Ruth Arnon ascribes her own urge to study to her father’s example. Ambitious and curious, she was taught reading and arithmetic by her older siblings while she was still in kindergarten and as a result was accepted straight into the second grade of elementary school. When she completed her schooling there at the age of thirteen, her mother succeeded in persuading Barukh Ben-Yehuda (1894–1990), the principal of the Herzlia Hebrew Gymnasia, to allow her to begin studying there. At the age of fifteen Arnon already knew exactly what she wanted to do, namely to work on the scientific basis of medicine. Although she wished to join a Nahal group (Fighting Pioneer Youth of the Israel Defence Forces) together with her comrades in the youth movement, when she graduated she was too young to be accepted and therefore registered at the Hebrew University of Jerusalem to study chemistry. A year later she joined the special academic study program, which enabled her to study during the academic year and spend her summers doing military training. In 1955, after receiving her M. Sc. degree, she served for two years as an officer in the IDF, during which period she married Uriel Arnon (b. 1930), an engineer who was at the time a student of chemical engineering at the Technion in Haifa. The couple has two children: Michal (b. 1957) and Yoram (b. 1961).
The Weizmann Institute
Learning that Professor Ephraim Katchalski (later Katzir, President of Israel from 1973 to 1978) was looking for scientists to carry out a new project, Arnon went to the Weizmann Institute, where she began work on her doctorate under the tutelage of Michael Sela (b. 1924), then a post-doctoral fellow who had recently returned from training in the United States, and became Sela’s first doctoral student in 1957. The two developed a close mentor-student relationship, worked together, published jointly in scientific journals and made their way up the Weizmann hierarchy. Sela served as President of the institute from 1975 to 1985 and Arnon served as Deputy President from 1988 to 1993.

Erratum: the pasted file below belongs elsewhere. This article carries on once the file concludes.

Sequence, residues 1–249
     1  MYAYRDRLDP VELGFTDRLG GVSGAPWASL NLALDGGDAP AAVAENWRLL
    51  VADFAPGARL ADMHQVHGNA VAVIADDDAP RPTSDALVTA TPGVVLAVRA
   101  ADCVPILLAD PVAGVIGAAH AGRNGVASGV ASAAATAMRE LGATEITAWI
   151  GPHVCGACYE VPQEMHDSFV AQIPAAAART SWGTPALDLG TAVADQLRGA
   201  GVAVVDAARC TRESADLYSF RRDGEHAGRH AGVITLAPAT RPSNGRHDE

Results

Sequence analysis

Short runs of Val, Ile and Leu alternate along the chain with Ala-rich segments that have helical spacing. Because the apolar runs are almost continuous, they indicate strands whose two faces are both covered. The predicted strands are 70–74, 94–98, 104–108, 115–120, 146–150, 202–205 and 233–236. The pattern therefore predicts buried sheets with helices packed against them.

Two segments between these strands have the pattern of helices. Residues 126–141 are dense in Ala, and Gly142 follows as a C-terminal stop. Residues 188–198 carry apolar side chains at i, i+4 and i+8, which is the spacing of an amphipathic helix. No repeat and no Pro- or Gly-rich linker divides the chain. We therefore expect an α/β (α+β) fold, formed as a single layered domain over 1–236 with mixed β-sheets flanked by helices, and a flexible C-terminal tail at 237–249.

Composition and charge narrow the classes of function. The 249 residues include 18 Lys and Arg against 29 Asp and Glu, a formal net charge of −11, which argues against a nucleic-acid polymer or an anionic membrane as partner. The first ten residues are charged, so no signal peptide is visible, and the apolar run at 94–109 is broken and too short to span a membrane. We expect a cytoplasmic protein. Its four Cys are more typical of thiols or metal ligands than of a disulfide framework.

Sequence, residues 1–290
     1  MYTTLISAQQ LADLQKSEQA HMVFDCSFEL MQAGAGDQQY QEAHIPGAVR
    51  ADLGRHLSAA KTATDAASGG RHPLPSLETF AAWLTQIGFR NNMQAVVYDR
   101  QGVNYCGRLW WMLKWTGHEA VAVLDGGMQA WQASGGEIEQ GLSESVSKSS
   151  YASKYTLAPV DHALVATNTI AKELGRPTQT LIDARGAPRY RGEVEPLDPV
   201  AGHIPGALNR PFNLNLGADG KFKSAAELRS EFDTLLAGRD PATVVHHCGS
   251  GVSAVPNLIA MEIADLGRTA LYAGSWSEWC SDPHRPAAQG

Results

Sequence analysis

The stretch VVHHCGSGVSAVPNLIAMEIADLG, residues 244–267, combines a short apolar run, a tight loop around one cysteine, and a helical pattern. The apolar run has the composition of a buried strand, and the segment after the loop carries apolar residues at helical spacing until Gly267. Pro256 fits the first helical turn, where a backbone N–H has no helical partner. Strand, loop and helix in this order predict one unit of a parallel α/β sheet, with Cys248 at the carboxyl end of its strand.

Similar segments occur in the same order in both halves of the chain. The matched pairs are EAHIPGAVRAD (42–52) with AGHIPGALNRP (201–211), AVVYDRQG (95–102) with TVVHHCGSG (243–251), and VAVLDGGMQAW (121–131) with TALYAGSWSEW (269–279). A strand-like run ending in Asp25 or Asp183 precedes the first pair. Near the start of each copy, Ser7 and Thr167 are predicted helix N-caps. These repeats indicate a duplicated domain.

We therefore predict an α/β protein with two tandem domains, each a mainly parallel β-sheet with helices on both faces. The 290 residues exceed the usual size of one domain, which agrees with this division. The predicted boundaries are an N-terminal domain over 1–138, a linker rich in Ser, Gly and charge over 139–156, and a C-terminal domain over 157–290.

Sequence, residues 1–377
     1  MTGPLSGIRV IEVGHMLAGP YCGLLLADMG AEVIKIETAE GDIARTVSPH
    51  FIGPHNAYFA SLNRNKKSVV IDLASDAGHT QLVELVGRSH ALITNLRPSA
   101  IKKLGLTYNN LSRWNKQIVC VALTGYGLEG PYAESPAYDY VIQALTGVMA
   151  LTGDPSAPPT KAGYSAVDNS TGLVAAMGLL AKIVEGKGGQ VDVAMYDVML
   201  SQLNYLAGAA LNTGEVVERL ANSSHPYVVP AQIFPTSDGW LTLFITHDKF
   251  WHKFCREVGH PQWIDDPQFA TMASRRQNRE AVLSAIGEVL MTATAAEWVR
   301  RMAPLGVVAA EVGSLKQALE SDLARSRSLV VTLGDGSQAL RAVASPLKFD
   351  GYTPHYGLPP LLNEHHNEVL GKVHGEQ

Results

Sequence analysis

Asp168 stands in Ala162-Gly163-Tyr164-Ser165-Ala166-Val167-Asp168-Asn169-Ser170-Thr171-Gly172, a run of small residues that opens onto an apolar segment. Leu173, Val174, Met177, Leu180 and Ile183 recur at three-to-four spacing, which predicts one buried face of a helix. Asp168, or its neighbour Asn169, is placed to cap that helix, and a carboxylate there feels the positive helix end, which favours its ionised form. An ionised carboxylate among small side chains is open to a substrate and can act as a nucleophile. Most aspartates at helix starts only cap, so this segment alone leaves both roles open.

During the course of their productive relationship, the two were partners in one of the most exciting discoveries at the Weizmann Institute. They succeeded in synthesizing, for the first time in the laboratory, a substance that aroused the body’s immune system, the first synthetic antigen. Together with another doctoral student, Devorah Teitelbaum, they discovered that a synthetic material produced in their laboratory could suppress a disease in animals that serves as a model for multiple sclerosis. Almost thirty years of research and experimentation elapsed between this pioneering discovery and the approval for medical use of Copaxone®, which has become a major drug for the treatment of multiple sclerosis and allows sufferers to lead near-normal lives. Copaxone is considered one of the great successes of the Israeli pharmaceutical industry. Arnon also invented a synthetic, nasally administered influenza vaccine, which is expected to be effective for several years against a broad range of flu virus strains.